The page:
The Crucial Role of the Access to HE Diploma in Improving Social Mobility for Adults

With the increasing focus on arresting the decline of mature learners in higher education (HE), not least from the Office for Students, it’s vitally important the sector recognises the key role Access to HE Diploma courses play in improving social mobility and transforming the lives of thousands of adult learners each year who progress on to HE. “Decline” doesn’t really adequately reflect what has happened since there has been a 53% fall in mature entrants to HE between 2009/10-2017/18, due in large part to tuition fee changes in 2012, which has affected part-time HE in particular. In contrast, numbers of Access to HE Diploma numbers have largely held up, albeit with a 3% decline in registrations since 2016.

Going back to basics, the Access to HE Diploma is designed for adults who have been identified as having the potential to achieve at HE-entry standard. They are aimed primarily at adults who may have few, or no, formal qualifications and are designed to provide both the skills and academic subject knowledge to progress to HE. They are offered in the main by further education (FE) and adult colleges and are typically studied over one academic year on a full-time basis. In the context of HE progression, in the 2018 UCAS cycle there were 29,080 UCAS applicants with an Access to HE Diploma, accounting for 5.7% of all applications. Focusing on the capital, London HEIs attract the largest number of Access students, with over 7,000 accepted applicants (7,195). Access students are more likely to stay in their local area to study. In 2017 77% of HE entrants progressed on to universities, or to HE in FE, in their local area.

When we look at the profile of students studying Access to HE Diplomas it’s clear that these qualifications play a vital role in improving social mobility for older learners.  While the number of younger learners starting Access courses has increased, the vast majority are over the age of 21 and most will have significant experience outside formal education before they join the Access to HE course. Drawing on statistics produced by the QAA, Access students entering HE in 2017 were more likely to be female (73%), be from an ethnic minority background (29%) and have a disability (19%). They are also far more likely, when compared with applicants on other level 3 qualifications, to live in a disadvantaged area. 23% of Access entrants to HE were from a disadvantaged neighbourhood, compared with 11% of entrants on other level 3 qualifications. When looking at London Access learners, using the Income Deprivation Affecting Children Index (IDACI) as a metric for disadvantage, over three quarters of London Access students were classified as living in the top 40% most deprived neighbourhoods: IDACI Q1 and Q2 in the period 2013-14.

Focusing on HE achievement, Access learners obtain similar numbers of 1st class honours degrees compared with learners who entered HE with other level 3 qualifications (25.6% v 26.4%). However, while Access learners are more likely to complete their HE qualification than other mature learners, 9.6% of entrants with an Access qualification were no longer in HE the following year. This is higher than the overall average of 6% of HE learners who drop out of HE. While there is a lack of research available to explain this disparity it is likely that for many, “life” gets in the way, in terms of financial and family pressures, for example. A more flexible HE model, allowing learners to step on and off, as well as gaining recognition for learning achieved to date would be of particular benefit to mature students. Interestingly, one of the recommendations of the Augur Review, which was recently published, was that HE institutions should develop more flexible learning to include interim qualifications for all students who are on an undergraduate degree.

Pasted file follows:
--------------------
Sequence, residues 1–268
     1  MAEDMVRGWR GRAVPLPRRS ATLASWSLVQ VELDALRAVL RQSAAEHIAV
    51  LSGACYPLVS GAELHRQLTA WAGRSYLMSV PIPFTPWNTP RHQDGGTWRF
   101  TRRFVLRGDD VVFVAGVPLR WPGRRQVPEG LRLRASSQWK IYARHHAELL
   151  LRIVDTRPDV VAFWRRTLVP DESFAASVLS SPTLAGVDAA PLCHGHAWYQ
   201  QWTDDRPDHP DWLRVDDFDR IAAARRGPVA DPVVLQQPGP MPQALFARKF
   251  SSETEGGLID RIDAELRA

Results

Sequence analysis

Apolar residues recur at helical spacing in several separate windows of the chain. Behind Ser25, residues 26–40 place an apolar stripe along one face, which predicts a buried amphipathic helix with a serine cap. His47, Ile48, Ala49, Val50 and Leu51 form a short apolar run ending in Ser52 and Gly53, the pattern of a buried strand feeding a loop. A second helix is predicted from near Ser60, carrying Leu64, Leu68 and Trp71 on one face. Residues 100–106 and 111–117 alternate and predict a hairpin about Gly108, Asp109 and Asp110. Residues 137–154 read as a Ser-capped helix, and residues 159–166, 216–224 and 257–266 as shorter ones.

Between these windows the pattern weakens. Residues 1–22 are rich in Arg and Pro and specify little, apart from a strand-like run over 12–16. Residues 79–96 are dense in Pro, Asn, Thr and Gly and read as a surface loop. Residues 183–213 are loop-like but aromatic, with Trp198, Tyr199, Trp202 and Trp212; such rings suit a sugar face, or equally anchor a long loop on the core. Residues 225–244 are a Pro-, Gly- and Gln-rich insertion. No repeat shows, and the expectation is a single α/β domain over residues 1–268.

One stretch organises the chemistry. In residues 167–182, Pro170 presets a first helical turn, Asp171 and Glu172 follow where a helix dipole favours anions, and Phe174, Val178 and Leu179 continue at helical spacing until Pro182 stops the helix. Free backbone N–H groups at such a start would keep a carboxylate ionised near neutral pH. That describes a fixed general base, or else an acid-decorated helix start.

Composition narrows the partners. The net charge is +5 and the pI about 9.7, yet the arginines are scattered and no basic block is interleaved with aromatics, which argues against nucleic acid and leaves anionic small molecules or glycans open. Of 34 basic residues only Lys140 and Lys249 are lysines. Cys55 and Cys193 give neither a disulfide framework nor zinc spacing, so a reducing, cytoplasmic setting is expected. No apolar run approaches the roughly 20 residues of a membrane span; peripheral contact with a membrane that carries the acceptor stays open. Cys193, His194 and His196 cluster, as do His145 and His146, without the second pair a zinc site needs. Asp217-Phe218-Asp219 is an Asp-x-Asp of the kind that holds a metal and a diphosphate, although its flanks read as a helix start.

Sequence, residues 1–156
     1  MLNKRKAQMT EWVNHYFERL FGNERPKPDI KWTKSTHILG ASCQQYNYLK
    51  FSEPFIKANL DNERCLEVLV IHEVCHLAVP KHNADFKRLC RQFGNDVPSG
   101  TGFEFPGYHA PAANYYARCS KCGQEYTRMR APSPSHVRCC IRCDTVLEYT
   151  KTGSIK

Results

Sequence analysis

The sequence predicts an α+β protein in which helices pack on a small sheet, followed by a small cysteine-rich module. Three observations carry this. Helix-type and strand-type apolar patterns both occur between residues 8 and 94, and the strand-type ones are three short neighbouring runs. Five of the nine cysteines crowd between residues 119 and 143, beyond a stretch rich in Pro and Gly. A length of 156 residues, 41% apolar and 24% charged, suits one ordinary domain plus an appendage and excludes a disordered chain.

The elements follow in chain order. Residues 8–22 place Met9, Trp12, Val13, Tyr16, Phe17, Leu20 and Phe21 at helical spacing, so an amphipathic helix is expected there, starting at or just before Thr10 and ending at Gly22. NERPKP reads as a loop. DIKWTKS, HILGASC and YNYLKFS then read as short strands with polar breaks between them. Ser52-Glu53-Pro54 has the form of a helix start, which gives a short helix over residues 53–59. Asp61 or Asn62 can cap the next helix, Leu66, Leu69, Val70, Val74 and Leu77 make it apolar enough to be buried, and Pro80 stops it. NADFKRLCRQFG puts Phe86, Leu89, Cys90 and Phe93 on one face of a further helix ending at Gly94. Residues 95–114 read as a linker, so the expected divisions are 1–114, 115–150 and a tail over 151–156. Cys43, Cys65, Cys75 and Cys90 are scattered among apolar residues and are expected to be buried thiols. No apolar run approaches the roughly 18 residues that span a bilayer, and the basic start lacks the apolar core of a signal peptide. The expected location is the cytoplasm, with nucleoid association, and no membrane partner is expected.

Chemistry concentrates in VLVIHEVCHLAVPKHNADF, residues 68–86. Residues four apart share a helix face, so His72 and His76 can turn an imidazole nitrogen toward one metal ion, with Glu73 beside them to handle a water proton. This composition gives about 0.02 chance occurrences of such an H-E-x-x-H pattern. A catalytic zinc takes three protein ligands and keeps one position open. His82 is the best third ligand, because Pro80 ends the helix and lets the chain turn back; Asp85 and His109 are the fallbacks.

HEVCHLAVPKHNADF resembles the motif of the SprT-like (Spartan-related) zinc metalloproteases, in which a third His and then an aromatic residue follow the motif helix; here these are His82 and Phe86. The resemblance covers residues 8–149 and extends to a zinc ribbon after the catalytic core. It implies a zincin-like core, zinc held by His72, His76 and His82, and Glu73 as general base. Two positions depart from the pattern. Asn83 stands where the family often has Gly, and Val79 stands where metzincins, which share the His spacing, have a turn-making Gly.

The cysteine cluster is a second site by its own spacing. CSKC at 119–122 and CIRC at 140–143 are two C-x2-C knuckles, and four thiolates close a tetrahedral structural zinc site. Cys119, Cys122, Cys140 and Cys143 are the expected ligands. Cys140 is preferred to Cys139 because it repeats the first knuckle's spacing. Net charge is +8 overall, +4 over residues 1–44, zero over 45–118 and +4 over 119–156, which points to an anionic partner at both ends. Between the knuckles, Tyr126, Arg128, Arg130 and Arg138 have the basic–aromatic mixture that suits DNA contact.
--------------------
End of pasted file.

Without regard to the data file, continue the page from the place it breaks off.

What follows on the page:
While completing background research for this article I was struck by the proportion of Access learners who do not progress on to HE following their Access course. The recent OfS report Preparing for Degree Study, which focuses on and compares Access to HE Diplomas and Foundation Years, states that the proportion of students who progressed to a degree programme in the four years following an Access course was 62%. What happens to the other third who do not progress needs to be looked at in more detail, including why they have chosen (or were not able) to progress on to HE. It also suggests that providing outreach support which includes information and advice on making the transition to HE and the support available once there is important. The use of role models and alumni might also be useful in this context.

Here at Linking London we recognise the important role that Access to HE Diplomas play in improving the life chances of adults and are committed to working closely with our partners, including OCN London, to ensure that these learners are supported into and through HE and onto successful graduate outcomes. If you would like to find out more about our work in this area, including our well established Access to HE Diploma Practitioner Group, please contact us at

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